“Continued dithering over the release of the audit fuels the suspicion that government may be hiding some sacred cows while the people and the Niger Delta region remain sacrificial objects that are not worth any modicum of respect.

“If the Minister is one of the stumbling blocks to the inauguration of the Governing Board, he should be advised that beyond the court orders, posterity will pass a harsher judgment on all those who have exposed the people and environment of the region to extreme harm by failing to do the right thing when they had the opportunity to do so.

“It is a dishonor that it continues to appear like efforts made to deal with the ecocide inflicted on the Niger Delta have been halfhearted measures made merely to fool the people, feed fat cows, alienate and insult the people”.

‘Shortchanging region’

Omabemi, also speaking, said: “There is an NDDC Act and it does not give room for what has been happening in the Commission and how it is being run.

“The Federal Government should not hesitate to abide by the rulings; the already screened Board should be inaugurated, the NDDC should be returned to the Presidency which was overseeing its operations before this aberration and we believe that if these things are done, there would be corrections and the region would no longer be shortchanged because what is happening now is that the Niger Delta region is being shortchanged”.

‘Disband sole administrator structure’

Nowinta, on his part, said: “Malami and Senator Akpabio have constituted themselves as a terrible clog in the wheel of progress of the people of the Niger Delta as it relates to their demand for the urgent constitution of the Governing Board of the NDDC.

“It is clear that they have selfish interest in trying to force their will against the interests and aspirations of the people.

“Malami is known for flagrant disobedience of court orders and l hereby call on him, in the interest of his own sensitive position, not to delay in responding to this very one.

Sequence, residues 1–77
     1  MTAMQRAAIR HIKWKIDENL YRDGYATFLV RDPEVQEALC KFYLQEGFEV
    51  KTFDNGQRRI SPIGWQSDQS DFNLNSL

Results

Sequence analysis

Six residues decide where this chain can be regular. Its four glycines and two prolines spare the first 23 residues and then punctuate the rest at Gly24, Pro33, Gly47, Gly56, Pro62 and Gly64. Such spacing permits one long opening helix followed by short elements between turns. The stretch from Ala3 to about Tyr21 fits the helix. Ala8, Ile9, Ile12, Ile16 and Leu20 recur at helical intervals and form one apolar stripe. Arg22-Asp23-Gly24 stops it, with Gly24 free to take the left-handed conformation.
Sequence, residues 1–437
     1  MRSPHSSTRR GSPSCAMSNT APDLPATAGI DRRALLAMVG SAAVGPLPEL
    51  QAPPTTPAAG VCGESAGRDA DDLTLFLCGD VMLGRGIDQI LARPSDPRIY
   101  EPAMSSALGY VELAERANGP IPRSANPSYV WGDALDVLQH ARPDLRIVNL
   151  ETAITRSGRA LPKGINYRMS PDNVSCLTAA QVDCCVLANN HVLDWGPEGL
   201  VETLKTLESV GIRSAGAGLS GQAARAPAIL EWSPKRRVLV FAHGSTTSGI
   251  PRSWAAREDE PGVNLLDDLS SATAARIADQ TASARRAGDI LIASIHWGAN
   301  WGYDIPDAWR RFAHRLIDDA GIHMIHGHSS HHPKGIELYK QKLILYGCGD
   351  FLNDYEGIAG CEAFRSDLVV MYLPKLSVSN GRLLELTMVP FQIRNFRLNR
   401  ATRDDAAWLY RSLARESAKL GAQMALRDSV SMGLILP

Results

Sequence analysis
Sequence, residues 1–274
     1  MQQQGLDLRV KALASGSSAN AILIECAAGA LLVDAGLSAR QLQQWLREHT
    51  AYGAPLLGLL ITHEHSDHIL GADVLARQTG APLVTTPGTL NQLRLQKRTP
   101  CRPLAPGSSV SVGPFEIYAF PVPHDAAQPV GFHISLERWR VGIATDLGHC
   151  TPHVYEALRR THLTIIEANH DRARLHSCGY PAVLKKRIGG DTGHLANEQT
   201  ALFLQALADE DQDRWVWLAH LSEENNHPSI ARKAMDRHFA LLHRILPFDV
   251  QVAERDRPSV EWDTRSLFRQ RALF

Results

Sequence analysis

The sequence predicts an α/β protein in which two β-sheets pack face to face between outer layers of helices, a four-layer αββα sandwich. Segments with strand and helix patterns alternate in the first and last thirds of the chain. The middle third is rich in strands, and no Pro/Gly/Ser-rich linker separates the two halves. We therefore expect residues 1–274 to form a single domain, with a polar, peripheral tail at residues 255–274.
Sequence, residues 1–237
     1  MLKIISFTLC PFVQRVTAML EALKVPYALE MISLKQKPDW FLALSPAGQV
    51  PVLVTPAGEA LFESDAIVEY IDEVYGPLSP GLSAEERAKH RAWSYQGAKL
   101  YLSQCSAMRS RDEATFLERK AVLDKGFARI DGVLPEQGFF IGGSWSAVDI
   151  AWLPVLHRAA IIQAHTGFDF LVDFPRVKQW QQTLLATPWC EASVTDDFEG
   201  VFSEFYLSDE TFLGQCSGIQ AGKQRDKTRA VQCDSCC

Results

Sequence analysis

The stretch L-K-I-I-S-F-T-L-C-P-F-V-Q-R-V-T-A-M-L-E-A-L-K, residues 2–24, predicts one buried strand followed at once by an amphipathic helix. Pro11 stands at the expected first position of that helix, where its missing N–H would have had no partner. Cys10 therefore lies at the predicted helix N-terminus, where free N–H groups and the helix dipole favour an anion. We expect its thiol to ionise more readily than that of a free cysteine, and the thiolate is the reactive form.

“If he does, he should expect the hottest form of protest/civil disobedience from the people of the Niger Delta.

“I expect Malami and Senator Akpabio to immediately dissolve the sole administrator structure of the NDDC and publish the forensic audit report on all the monies that have accrued to the organization since inception”.

‘Buhari can’t escape liability’

Defending Akpabio, however, Nwoko said: “NDDC was set up by a law enacted by the National Assembly.

“It has provisions as to its management and structure. And clearly there is no doubt about it that the NDDC Act makes a provision for the setting up of a legitimate Board that will serve for fixed tenure.

“It does not recognize any caretaker or sole administrator and so any demand for the setting up of a Board is based on law. It is not a matter of sentiment, it is not a matter of emotions.

“And I believe that an Attorney General who has respect for the rule of law; who has respect for the Constitution of the country; who is in a position to advise the President should have long before now advised the President to jettison this illegal, unconstitutional contraction called sole administrator and set up a Board in line with the provisions of NDDC Act. It is as simple as that”.

Asked what the AGF should do in respect of the court orders, the SAN stated: “I think the AGF somehow is too small to be given the credit for success or failure of the present administration.

“I place the responsibility squarely on the table of the President who is the Commander- in- Chief of Armed Forces of Nigeria.

“Whether he knows anything about what we are discussing or he does not know, he cannot run away from the responsibility of taking credit for successes and taking blames for failures of anything that happens under his watch as the president of Nigeria”.

‘Court action came late’

Also contributing, spokesperson for Akwa Ibom Leaders Vanguard, Senator Anietie Okon, asserted: “I think those who pursued that court action realized it very late.

“From the beginning, that is what should have been the action, they gave the Federal Government so much time.”

Disclaimer

Comments expressed here do not reflect the opinions of vanguard newspapers or any employee thereof.